I am officially an audiobook junkie. For so many reasons. Chief among them is the fact that I'm getting old and it's hard for me to devour regular books the way I used to, back in my childhood days when I would hide under the covers at night and read books by flashlight long after my bedtime. Which is probably why I've had significant eyesight problems ever since and now cannot lose myself in reading a traditional book the way I used to. I'm just too conscious of having to focus and refocus as I read. But with audiobooks? I can lose myself in the world they paint, just like I did as a child, and that's a joy to me.
But there are other, more practical reasons why I love audiobooks — and why I'm trying to convince you that you, too, should be an audiobook junkie. After all, surely the world would be a better place if people read more books, regardless of which platform they're using to read them?
One of the main reasons why I love audiobooks so much is that I am a notorious multi-tasker. I have a restless brain (now, isn’t that nicer than saying I have ADHD?) and am happiest when I am occupying all 8-tracks of my mind. Nothing makes me happier than knowing that I am double dipping when it comes to using my time. Especially when I am able to listen to a book while I perform a routine task like driving, cleaning, cooking, or working in my garden. Thanks to the glory of multitasking, I can read three to four books a week, ranging from nonfiction like The History of the Vikings to my beloved true crime books to great fiction by (most recently) Colson Whitehead, Jane Harper, Louise Penny, and Jane Austen. Finally, for pure blissful relaxation, I love listening to a book while putting together a jigsaw puzzle.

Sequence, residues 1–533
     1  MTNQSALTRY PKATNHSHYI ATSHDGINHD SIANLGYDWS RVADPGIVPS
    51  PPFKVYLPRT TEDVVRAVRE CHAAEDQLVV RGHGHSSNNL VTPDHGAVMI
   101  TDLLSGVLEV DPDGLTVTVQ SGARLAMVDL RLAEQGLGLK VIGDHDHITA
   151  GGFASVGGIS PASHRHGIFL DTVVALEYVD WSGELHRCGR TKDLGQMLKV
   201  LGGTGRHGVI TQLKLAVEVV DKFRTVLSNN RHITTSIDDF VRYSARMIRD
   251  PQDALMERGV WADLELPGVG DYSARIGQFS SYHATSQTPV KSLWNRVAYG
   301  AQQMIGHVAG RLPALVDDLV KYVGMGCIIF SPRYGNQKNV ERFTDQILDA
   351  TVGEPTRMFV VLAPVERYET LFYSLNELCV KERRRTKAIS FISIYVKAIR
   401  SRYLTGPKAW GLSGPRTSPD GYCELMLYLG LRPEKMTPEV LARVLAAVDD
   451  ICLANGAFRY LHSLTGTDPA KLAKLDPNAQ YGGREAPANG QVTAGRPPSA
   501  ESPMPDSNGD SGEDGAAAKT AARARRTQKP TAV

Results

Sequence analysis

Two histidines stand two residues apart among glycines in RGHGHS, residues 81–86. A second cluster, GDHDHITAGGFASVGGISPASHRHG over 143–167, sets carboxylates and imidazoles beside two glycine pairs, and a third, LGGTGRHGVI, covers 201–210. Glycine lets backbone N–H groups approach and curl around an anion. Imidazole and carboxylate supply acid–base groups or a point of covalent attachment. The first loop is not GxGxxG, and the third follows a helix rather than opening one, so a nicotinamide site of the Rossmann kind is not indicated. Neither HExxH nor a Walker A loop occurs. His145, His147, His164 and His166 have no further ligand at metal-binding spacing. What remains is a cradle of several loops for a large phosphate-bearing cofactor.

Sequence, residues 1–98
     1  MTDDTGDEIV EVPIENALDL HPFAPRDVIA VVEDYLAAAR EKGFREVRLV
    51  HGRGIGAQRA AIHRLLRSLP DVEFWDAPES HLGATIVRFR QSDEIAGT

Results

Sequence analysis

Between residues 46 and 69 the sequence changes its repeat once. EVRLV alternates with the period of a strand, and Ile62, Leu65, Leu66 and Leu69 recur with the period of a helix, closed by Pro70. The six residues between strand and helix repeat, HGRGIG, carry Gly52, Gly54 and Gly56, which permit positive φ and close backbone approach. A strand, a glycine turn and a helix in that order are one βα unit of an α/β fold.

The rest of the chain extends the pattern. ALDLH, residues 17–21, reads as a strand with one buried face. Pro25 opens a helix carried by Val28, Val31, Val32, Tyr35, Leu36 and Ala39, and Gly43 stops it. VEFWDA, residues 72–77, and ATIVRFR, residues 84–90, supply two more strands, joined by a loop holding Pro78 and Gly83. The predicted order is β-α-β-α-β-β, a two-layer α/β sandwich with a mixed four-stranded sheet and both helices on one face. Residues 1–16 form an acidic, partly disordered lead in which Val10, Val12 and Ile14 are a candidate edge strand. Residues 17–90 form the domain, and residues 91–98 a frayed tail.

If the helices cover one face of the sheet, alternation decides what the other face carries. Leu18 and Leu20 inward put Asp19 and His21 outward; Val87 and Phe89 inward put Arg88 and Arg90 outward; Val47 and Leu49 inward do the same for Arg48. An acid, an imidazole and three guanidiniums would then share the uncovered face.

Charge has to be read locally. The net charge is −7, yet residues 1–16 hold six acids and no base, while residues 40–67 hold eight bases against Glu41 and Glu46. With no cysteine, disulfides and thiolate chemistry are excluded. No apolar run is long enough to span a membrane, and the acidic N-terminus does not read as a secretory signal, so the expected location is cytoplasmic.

Speaking as a writer, you can also learn a lot from audiobooks. Nothing drives home the need for rapid pacing these days better than listening to a book bogged down in non-essential details. And hearing a book read out loud really underscores the habits of individual writers — habits you probably want to avoid in your own writing. For example, if you repeat a word too much, that word starts to stand out like the proverbial sore thumb. A case in point: Dan Brown has a lot of characters who “find themselves" on stairwells, in different rooms, and entirely different cities. Or take Kathryn Casey — an absolutely fabulous true crime writer who nonetheless uses the word “chuckle” so often that listening to one of her books could easily become a drinking game. (And let me just interject with a question here: does anyone in real life ever actually “chuckle?” I think not.)
The problem with audiobooks is the cost. Years ago, you’d have to plunk down $60 for an unabridged 12-CD version of the latest bestseller by your favorite author. Happily, times have changed. I now can call on four different apps and a favorite website where I can get audiobooks ranging from pricey to free. If you’re interested, check these out: